jump to navigation

“Mukhsin” Review – An Easy, Simple Tale March 7, 2007

Posted by drowmage in Movie Reviews, Movies, Mukhsin.
10 comments

Review:

“Everyone has a first love story to tell.” This is the tagline to Yasmin Ahmad’s latest offering, “Mukhsin“, and couldn’t be closer to the essence of the film. It’s a movie a lot of people would relate to, not just about the young blossoming romance between the two characters, but just the other supporting characters in the film.

Just a brief synopsis regarding the movie: Orked (Sharifah Aryana), at a tender age of ten, finds a new friend in the twelve-year-old Mukhsin (Mohd. Syafie) , who has just moved into the neighbourhood. The friendship starts off a little rocky at first, but as the days pass, they spend more and more time together. A small misunderstanding results in them not speaking to each other – until Mukhsin moves away.

It’s as simple as that. There are supporting stories to the main tale, revolving around Orked’s slightly eccentric family, and their neighbour’s roving husband, to Mukhsin’s parents. But although all these seem to add more depth to the film, bringing an relaxed, easy-feeling when you’re watching it, the film doesn’t stray away from the original theme very often.

It’s nice to – for once – not have to psycho-analyze a film. The synopsis for “Mukhsin” sounds similar to “My Girl” (starring Macauly Culkin); but instead of the Western references, has been given a Malaysian flavour with its scenic kampung lifestyle and lovable ethnic characters. Where else would you find a film where a young Malay girl is shown as a student in a Chinese school, speaking and writing the language fluently? It’s a break away from normal local film, where filmmakers have constantly segregated the culture and races into their ethnic groups, bringing a sense of stereotype. Yasmin breaks away from that, as was seen in “Sepet”, “Gubra” and now “Mukhsin”.

The cinematography isn’t anything fancy, nor are there stunning special effects. And why not? What grips you more would be the chemistry between the characters – the way Orked and her mother (played by Sharifah Aleya) interact with one another; the relationship between Orked and her father. Orked isn’t a typical girl either; who gets bored with the typical girlish games and opts for playing sports with the boys instead – choosing her cat over dolls. Pink would be so proud (referring to the lyrics for “Stupid Girls”).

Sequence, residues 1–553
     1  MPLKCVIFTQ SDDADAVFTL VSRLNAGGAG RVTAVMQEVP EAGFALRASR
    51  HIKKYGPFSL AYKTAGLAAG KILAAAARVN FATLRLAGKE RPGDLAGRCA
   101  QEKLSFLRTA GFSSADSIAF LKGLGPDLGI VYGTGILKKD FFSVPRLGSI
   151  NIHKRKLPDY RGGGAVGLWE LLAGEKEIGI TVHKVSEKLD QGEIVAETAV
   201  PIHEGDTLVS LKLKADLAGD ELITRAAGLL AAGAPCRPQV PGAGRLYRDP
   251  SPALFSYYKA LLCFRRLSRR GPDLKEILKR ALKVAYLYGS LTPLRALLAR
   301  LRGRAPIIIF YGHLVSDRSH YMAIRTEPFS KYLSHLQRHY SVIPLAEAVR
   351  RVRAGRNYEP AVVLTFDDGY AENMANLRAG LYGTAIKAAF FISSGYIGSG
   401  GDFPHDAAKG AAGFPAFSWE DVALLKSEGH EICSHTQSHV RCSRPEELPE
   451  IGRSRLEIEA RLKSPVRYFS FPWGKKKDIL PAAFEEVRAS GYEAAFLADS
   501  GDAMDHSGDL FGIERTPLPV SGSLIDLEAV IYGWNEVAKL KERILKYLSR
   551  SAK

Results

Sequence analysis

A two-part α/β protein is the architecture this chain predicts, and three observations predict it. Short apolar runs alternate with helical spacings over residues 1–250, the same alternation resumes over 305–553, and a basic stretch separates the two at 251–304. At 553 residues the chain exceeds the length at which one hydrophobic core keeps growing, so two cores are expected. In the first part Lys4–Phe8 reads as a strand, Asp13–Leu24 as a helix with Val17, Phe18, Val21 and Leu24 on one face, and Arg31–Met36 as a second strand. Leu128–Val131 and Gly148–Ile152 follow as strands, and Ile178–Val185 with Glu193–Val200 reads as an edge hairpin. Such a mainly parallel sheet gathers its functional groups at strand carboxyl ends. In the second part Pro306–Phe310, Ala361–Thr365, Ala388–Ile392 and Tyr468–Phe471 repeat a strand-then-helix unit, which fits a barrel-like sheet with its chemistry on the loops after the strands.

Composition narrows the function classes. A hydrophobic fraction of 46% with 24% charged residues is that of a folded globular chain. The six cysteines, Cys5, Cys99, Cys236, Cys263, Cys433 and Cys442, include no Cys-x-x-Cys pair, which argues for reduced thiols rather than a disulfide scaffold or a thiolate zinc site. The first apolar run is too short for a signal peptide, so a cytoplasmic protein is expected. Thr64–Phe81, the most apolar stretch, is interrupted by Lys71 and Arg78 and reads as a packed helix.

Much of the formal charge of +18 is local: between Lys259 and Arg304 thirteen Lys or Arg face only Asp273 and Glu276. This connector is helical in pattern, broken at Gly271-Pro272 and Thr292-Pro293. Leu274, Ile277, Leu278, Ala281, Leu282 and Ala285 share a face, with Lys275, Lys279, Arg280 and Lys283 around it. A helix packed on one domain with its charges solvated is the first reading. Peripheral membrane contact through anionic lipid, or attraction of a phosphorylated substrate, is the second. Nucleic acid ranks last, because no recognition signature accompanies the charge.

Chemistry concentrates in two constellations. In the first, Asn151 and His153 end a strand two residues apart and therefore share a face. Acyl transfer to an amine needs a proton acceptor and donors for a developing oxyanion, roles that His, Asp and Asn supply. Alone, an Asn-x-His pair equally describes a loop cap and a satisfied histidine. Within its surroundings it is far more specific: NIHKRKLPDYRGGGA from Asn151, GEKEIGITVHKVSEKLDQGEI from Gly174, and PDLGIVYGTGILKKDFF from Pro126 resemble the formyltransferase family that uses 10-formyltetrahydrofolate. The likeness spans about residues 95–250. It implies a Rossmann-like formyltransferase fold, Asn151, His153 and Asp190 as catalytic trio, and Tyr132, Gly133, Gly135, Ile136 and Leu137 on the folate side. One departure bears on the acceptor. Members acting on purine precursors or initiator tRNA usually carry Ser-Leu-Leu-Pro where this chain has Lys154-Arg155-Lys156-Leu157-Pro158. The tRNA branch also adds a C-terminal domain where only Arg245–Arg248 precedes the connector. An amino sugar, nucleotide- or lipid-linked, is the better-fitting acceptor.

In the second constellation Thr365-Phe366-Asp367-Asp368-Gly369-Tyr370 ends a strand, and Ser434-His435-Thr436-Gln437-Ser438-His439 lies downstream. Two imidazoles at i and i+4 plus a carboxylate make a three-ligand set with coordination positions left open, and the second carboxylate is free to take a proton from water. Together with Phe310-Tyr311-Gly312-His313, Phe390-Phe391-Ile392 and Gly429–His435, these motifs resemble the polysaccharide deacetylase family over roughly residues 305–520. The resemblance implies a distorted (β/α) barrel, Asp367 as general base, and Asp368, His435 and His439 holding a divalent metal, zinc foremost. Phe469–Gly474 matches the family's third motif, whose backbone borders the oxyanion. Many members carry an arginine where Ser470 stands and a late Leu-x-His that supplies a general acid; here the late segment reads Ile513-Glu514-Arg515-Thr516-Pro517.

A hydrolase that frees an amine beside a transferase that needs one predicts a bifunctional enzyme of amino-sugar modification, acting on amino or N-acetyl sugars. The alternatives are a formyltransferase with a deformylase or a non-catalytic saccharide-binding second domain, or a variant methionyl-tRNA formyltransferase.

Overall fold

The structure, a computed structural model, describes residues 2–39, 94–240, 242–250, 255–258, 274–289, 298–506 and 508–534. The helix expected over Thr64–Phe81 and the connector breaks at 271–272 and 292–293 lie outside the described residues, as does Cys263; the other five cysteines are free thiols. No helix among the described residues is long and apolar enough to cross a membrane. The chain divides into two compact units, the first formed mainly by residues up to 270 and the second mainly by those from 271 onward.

Look out for cameos from Sharifah Amani and Ng Choo Seong, in a scene which brings hints of a happy ending for “Sepet”, and local indie filmmaker Ho Yuhang, whose back is the only thing the audience sees, but his voice is recognizable instantly.

The music also plays a part in the film, especially when a French ballad, “Ne Me Quitte Pas” (Don’t Leave Me), sung by Nina Simone, was playing in a background as Orked’s parents are dancing happily; and the next scene which showed a sad Mukhsin standing outside the house watching them was simply heartbreaking. In contrast, the theme song, “Hujan” (Rain), which was written by Yasmin’s father, was played with a cheery, light tune, not unlike the feel of the film.

But, as the title of this review shows – it’s a simple tale. It’s nothing new, compared to numerous films from other countries, and it’s not something you would call a breakthrough in films. But although it’s an age-old formula in film, it doesn’t fall flat. It’s a film we would all relate to – we’ll laugh at the familiar jokes, we’ll wonder at the beautiful countryside scenery, and we’ll cry at the tender moments. It’s like a tapestry, woven together into a creation just short of a masterpiece, but still beautiful enough to be admired, to be revelled at.

And most noticeable was during the entire length of the film, Mukhsin never mentions to Orked about how he feels, letting such moments pass by him like a leaf in the wind.